Do you need a VPN?
VPNs (Virtual Private Networks) are mostly used in corporate settings to avoid spending on creating a private protected network, but lately many private consumers have been adopting these tools to secure their connections. The question is: do you really need one?
How does a VPN work?
When connecting to a public network, such as a WI-FI in a café, it is important to keep in mind that malicious actors might capture your data and exploit them. Sniffing is a practice that involves intercepting and storing data packets that your computer routinely sends and receives to and from the network, for fraudulent or monitoring purposes.
VPNs create a virtual or logical “tunnel” through an IP network, exploiting the TCP/IP (Transmission Control Protocol, that regulates how packets travel between different machines) stack.
Types of VPNs:
VPNs can use full tunneling or split tunneling: with full tunneling, all packets sent from the computer go through a secure connection. This is what is typically used by businesses, but it causes packet duplication, it is more expensive, and implements a single point of control.
Split tunneling, instead, involves sending only selected packets through the private connection, and each computer becomes a possible point of attack.
What you can do with a VPN:
VPNs have gained their widespread adoption also thanks to influencers advertising how they can be used to access content you normally would not be able to. This is necessary due to copyright issues, which prevents you from accessing content that cannot be made available in your region, and it is referred to as geo-fencing.
A VPN lets you rely upon a different server compared to the one you would normally use. This is legal, but it may be frowned upon by service providers.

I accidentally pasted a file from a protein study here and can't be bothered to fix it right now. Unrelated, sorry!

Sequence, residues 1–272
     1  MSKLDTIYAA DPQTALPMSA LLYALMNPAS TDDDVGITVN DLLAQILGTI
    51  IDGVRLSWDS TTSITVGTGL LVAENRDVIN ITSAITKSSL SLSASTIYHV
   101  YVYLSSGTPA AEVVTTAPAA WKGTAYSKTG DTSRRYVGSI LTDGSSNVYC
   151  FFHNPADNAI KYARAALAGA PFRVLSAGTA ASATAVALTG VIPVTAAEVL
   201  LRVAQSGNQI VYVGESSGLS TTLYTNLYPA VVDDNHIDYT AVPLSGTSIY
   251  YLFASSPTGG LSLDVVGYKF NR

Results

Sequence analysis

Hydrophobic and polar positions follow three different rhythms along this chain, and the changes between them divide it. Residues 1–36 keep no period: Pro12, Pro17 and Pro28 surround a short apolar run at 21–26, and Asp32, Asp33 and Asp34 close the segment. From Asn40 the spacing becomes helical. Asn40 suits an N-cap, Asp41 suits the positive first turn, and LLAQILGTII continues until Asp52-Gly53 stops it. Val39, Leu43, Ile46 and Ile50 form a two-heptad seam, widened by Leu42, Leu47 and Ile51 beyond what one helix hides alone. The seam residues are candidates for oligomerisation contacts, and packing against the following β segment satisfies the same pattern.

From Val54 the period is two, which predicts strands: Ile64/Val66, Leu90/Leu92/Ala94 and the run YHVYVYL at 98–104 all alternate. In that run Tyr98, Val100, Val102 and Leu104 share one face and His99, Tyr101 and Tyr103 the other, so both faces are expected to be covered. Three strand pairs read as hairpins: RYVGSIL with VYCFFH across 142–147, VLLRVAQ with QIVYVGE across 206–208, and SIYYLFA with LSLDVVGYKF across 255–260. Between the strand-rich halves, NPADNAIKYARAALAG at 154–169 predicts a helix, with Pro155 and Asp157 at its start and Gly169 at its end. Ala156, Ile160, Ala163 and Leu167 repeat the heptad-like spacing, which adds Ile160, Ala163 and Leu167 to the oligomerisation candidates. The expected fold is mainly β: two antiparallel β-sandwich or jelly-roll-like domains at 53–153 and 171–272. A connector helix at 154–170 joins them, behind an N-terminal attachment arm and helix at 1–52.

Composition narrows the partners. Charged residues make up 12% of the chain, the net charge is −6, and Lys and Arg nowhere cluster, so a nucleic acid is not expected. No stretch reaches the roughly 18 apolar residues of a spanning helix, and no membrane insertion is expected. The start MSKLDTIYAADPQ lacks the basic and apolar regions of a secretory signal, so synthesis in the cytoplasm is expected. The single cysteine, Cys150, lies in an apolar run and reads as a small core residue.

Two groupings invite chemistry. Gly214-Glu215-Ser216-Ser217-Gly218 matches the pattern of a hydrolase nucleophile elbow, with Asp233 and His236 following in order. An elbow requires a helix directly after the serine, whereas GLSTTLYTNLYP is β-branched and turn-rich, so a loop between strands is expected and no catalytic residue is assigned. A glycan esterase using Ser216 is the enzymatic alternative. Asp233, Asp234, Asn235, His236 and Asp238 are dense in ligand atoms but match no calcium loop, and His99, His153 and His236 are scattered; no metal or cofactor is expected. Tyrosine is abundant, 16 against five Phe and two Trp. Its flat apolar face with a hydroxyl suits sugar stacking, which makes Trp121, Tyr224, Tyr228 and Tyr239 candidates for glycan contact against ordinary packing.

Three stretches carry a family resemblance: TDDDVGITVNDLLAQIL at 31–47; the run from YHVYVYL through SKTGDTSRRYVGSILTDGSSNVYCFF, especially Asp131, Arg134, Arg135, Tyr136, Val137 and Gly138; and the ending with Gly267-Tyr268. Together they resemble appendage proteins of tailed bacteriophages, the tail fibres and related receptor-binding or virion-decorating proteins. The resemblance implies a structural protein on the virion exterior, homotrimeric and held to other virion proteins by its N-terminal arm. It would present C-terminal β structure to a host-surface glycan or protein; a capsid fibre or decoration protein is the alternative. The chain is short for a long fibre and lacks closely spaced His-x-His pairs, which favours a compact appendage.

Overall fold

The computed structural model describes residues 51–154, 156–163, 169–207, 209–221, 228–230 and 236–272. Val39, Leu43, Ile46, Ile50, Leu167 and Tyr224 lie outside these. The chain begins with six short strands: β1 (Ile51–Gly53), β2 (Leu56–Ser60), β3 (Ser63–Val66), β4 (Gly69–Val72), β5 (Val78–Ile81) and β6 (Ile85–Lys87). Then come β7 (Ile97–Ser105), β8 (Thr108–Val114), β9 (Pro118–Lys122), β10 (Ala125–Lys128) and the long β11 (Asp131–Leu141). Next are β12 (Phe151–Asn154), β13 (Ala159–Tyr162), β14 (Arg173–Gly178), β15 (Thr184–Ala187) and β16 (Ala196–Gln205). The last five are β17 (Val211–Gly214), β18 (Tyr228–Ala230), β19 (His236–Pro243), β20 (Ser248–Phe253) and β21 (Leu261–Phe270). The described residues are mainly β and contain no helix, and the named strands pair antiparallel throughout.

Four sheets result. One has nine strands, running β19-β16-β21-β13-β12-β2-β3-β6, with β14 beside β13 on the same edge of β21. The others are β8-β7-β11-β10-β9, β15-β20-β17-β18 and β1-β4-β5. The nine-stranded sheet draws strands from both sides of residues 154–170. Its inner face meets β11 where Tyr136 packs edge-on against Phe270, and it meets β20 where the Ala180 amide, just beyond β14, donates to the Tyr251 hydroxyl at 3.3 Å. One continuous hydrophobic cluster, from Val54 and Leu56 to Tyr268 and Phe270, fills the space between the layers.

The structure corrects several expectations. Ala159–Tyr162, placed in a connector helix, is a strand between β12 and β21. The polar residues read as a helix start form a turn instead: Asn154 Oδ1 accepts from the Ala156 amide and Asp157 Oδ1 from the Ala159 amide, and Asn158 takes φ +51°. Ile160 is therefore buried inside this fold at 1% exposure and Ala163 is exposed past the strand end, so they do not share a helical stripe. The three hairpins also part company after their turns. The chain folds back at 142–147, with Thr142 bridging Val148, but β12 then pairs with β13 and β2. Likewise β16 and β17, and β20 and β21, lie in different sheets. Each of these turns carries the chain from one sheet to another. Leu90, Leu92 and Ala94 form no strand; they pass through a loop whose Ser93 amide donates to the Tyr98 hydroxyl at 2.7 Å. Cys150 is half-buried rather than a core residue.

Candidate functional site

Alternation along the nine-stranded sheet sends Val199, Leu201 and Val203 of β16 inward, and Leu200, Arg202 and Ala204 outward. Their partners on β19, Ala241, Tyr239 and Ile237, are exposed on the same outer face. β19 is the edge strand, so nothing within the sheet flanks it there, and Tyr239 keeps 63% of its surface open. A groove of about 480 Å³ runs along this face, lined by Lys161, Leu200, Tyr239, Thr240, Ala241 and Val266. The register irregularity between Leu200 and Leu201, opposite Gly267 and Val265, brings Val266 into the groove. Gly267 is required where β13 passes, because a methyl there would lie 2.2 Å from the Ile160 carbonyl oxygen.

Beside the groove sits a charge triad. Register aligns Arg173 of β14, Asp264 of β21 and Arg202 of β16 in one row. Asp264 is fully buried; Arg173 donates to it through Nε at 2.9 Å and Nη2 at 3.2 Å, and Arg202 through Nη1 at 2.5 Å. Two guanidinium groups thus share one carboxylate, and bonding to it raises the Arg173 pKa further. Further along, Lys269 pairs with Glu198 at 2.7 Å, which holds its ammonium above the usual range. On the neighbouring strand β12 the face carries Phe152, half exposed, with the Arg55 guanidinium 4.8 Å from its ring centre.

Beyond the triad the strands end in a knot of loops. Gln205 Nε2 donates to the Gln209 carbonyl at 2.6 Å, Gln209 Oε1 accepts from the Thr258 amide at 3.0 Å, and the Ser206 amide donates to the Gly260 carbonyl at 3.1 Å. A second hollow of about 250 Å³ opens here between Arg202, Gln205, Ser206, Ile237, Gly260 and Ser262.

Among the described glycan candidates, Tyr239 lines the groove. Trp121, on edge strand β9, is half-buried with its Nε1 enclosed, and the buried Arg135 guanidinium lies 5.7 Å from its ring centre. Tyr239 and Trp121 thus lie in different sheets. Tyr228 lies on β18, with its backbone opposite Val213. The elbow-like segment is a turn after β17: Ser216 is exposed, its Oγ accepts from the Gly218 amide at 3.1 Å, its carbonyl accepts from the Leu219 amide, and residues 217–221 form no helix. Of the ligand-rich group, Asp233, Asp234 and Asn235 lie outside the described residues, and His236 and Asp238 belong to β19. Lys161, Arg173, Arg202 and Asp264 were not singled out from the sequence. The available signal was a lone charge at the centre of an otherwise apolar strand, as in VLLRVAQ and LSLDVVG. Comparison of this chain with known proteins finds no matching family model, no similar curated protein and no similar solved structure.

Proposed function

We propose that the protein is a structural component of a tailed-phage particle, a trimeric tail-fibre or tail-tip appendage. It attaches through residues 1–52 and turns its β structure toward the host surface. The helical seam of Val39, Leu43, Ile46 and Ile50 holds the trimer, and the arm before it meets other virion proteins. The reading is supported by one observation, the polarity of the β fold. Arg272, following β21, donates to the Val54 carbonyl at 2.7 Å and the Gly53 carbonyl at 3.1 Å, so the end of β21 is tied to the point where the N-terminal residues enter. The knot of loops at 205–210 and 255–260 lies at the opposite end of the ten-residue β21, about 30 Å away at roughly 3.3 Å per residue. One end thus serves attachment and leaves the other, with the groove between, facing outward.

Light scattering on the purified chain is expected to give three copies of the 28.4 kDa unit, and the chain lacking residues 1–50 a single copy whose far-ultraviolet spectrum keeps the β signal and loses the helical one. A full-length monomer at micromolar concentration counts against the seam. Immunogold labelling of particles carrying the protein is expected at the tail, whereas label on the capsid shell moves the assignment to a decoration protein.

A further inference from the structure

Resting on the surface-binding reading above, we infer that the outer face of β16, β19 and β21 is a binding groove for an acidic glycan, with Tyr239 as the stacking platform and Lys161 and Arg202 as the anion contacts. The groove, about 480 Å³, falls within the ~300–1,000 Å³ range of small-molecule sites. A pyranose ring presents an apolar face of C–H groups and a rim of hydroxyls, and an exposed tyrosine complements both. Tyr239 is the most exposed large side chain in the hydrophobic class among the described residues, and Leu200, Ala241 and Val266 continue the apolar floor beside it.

VPNs used to be advertised to be used with Netflix as well, but things have changed: Netflix will likely not ban you from the site because of you using a VPN, but it might display an error.
Netflix can detect that you are using a VPN and can prevent you from accessing content you are not allowed to because of the copyright restrictions in your country. Thus, companies such as ExpressVPN and NordVPN, have been advertising their ability to circumvent this ban. The effectiveness of these services is not always proven and will likely decrease as platforms continue their struggle to restrict access to their content.
In conclusion, if you were planning to use a VPN to watch Harry Potter on Netflix France, you might want to reconsider. Of course, you should still be careful when you access public WI-FIs, and avoid accessing sensitive services such as your bank, or even just your Facebook.
VPNs, instead, are crucial in business settings, as they allow you to access company resources that would otherwise be protected by firewalls, allowing you to work from home or anywhere in the world.